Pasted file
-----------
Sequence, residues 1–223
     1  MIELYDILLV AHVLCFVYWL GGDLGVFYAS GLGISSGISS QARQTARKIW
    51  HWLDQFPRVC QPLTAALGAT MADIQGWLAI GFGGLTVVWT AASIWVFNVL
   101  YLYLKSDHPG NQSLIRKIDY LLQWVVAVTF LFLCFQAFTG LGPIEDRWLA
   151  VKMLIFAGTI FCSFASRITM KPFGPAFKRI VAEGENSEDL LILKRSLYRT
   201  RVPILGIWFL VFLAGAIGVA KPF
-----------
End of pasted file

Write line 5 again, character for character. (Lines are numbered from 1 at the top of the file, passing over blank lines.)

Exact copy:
   151  VKMLIFAGTI FCSFASRITM KPFGPAFKRI VAEGENSEDL LILKRSLYRT